Breaking boundaries, building bridges22 March 2021
A creative ‘toolbox’ for social science research and innovation is taking shape in the heart of Cardiff. Over the next few weeks, new labs are being fitted out inside Cardiff University’s £60m sbarc building. The future home of innovation will eventually host up to 400 academics and their collaborators. Here, Professor Chris Taylor, Director of SPARK – the world’s first Social Science Research Park – outlines why pooling expertise in bespoke places can shape society after Covid-19.
“We’re about to do something that’s never been done before. Bringing expert social science researchers together in a brand-new place to test and trial solutions to society’s problems. And we can only do it by breaking down academic boundaries and building bridges where none have existed. The pandemic may have helped us by shifting our horizons.
Combining expertise from 12 specialist academic groups in a vibrant bespoke hub will help us tackle major challenges – climate change, young people’s mental health, crime and security, sustainable places. Designed to create a new community of researchers, policymakers, practitioners, commercial organisations, NGOs and charities, SPARK will provide a new spatial meaning to interdisciplinary and collaborative working.
We will curate our ideas inside sbarc – a seven-story centre with visualisation and behavioural lab, a policy library, data hub, offices and presentation spaces.
And instead of working within the traditional contours of academic departments, researchers will be encouraged to work in ways that do not recognise disciplinary boundaries.
The co-location of the University’s leading social science research centres and institutes, many of whom already work in interdisciplinary ways, will further advance that cause by identifying areas of common interest and concern. The focus will be tackling the societal challenge itself, not boosting the fields of expertise.
SPARK brings together the track records of 12 social science research centres in winning successful competitive research funding and wide experience in collaborating with the users of their research.
We are not starting from scratch. Neither are we propping up the social science research. Drawing upon and further enhancing existing expertise will be critical to its success. Learning from the past, listening to experience, reflecting on successes and failures: these are all key ingredients to advancing the way we work.
How will we transform the working environment? Through the co-location of a wide variety of public sector, private sector and third sector organisations inside SPARK. Some will be tenants of SPARK, moving some or all of their organisation into SPARK.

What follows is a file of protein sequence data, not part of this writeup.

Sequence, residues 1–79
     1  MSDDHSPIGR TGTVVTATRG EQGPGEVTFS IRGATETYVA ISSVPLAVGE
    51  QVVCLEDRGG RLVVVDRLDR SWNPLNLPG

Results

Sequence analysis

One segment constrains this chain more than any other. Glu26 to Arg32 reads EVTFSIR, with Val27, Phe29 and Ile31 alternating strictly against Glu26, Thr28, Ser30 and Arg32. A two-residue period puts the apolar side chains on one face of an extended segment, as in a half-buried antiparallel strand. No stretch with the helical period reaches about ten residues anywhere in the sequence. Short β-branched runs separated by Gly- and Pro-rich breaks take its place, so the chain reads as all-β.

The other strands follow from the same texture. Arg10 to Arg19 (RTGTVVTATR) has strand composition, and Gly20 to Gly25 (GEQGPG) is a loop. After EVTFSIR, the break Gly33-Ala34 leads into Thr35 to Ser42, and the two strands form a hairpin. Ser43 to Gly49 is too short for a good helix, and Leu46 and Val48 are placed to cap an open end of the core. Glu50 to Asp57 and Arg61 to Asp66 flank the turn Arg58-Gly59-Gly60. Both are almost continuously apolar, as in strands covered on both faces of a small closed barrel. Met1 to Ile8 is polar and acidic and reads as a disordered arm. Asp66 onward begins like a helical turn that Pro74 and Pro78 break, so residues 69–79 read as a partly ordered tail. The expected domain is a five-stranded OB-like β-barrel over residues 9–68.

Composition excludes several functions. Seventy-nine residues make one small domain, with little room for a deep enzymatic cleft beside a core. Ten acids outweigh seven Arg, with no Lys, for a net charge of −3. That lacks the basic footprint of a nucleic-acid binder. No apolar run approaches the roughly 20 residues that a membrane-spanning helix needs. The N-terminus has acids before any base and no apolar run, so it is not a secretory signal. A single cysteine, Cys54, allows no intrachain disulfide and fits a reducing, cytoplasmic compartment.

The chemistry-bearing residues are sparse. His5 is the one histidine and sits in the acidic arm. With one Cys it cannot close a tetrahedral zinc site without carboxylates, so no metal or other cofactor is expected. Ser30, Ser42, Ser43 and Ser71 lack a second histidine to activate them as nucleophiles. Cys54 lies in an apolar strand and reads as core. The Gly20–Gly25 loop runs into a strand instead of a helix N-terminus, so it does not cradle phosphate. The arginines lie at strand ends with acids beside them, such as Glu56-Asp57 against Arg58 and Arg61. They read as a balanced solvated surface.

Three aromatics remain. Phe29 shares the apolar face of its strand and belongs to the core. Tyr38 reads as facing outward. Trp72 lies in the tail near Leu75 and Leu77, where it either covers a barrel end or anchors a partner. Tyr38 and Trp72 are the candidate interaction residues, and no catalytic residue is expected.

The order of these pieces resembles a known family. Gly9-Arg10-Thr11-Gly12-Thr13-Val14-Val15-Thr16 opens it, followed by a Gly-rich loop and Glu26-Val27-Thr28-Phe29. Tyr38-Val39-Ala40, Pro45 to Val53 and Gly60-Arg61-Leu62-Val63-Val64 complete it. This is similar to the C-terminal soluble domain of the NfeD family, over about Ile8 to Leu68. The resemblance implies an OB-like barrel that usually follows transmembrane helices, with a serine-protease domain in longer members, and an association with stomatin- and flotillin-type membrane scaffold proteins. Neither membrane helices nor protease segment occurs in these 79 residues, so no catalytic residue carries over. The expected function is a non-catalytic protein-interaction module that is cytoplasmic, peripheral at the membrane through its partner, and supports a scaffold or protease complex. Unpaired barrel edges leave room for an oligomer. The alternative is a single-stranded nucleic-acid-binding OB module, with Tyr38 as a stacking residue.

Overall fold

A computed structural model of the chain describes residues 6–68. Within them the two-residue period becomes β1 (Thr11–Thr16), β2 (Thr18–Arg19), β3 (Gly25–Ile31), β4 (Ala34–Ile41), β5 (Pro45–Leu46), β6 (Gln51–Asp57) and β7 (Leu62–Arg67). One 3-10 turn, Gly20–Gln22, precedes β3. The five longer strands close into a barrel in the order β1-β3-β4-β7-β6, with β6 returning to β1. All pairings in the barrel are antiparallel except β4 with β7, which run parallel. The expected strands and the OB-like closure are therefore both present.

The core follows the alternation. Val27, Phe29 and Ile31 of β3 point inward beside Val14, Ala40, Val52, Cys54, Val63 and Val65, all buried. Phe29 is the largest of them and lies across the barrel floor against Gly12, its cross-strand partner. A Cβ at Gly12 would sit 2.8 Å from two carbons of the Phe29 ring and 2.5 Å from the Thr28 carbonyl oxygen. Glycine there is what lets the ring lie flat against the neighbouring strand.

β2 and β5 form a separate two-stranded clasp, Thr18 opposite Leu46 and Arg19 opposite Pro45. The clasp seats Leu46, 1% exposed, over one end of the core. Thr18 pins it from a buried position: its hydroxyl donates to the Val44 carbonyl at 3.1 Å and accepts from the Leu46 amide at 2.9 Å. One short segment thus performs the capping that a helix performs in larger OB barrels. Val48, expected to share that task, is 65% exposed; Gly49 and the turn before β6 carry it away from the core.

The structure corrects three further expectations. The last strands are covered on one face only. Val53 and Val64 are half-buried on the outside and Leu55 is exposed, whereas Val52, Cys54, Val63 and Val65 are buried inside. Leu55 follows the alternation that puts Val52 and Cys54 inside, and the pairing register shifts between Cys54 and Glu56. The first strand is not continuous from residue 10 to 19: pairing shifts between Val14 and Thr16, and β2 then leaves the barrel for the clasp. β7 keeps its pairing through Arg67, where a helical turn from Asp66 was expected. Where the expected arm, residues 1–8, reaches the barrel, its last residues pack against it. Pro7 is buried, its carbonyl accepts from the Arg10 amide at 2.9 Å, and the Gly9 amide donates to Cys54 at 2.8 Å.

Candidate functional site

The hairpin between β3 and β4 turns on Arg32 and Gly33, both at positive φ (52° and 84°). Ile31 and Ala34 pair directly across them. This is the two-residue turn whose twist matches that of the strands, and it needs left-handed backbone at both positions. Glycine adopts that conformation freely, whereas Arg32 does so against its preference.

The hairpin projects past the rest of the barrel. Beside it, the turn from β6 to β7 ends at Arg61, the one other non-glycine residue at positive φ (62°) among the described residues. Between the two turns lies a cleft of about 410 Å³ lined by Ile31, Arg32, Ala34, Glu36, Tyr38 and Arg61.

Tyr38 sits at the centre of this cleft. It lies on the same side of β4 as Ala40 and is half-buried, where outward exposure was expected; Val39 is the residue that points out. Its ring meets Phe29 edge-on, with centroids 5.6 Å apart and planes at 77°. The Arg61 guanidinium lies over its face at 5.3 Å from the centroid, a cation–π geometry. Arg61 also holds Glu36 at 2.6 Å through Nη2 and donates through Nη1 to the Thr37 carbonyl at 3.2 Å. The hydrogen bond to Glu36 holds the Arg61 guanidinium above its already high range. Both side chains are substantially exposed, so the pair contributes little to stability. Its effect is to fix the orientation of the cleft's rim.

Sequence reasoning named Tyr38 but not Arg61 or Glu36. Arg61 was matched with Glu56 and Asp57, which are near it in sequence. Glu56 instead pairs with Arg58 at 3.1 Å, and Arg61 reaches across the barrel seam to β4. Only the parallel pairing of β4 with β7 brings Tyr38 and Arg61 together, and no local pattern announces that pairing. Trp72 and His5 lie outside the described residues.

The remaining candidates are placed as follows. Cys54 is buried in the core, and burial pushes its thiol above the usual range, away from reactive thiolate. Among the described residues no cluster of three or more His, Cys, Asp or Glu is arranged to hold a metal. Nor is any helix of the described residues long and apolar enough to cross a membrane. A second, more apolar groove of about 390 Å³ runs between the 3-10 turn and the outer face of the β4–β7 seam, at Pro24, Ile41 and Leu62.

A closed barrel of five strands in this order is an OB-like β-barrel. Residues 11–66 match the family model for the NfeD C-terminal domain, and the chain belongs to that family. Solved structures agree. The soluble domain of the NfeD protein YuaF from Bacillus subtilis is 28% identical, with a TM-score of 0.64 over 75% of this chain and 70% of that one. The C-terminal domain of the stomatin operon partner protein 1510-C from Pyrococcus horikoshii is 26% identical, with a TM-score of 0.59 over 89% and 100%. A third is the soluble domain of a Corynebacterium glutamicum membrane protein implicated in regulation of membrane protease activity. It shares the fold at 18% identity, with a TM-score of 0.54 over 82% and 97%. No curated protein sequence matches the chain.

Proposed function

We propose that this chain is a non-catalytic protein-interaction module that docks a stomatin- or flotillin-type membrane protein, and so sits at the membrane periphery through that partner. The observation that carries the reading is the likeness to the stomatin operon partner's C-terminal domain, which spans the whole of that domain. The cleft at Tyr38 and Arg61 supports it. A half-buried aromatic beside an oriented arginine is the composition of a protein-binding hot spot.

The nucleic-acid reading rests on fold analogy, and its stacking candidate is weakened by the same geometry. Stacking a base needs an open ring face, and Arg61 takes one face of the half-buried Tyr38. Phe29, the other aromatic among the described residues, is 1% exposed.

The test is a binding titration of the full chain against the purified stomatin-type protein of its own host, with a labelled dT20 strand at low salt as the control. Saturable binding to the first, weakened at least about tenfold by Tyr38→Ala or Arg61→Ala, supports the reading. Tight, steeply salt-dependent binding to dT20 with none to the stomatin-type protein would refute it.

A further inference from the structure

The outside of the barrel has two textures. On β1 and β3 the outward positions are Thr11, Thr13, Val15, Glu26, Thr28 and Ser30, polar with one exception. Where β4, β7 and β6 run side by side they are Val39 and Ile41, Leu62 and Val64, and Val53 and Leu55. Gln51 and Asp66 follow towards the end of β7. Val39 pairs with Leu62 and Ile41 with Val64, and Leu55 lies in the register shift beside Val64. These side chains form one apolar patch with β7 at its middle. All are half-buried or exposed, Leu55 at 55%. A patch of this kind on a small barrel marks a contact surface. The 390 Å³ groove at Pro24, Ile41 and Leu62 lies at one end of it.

For others, involvement will be in the form of membership, giving their employees access to dedicated or co-working spaces.
We believe this will encourage a move away from the traditional division of labour between research experts and end users towards an integrated way of working, where both are engaged in all aspects of the research and design process.
All will have access to new state-of-the-art sbarc facilities. And just like more traditional science parks, there will be dedicated staff inside SPARK to help broker relationships, support new collaborations and build communities of practice.
However, co-location is just part of the vision. Connectivity, community and culture are also central to SPARK’s goals. This requires finding new ways of working, typically outside the usual constraints of the university.
Working closely with non-academic partners will help here too, learning from one another about how best to encourage creativity and innovation.
It will also require creating an environment where common interests can develop and be encouraged, where residents are encouraged to contribute in social and civic ways, as well as in their professional capacities, in short a place for communities and local expertise to engage and find new ways of approaching old problems.
This will create a ‘safe space’ where dialogue between researchers, policy-makers and other stakeholders can take place freely and constructively. Hopefully it will also provide a welcome respite from the dominant, restricted and occasionally hostile modes of academic communication (peer review processes, advisory boards, social media, news media and funders’ meetings) that social scientists more commonly find themselves engaged in.
The space to challenge and critique one another is important for the successful design, conduct and use of our research. A place of trust, understanding and mutual respect can reinforce our strength as we work to shape post-pandemic recovery.
Professor Chris Taylor, Director, SPARK.
This post contains extracts from a recent LSE blog by Professor Taylor.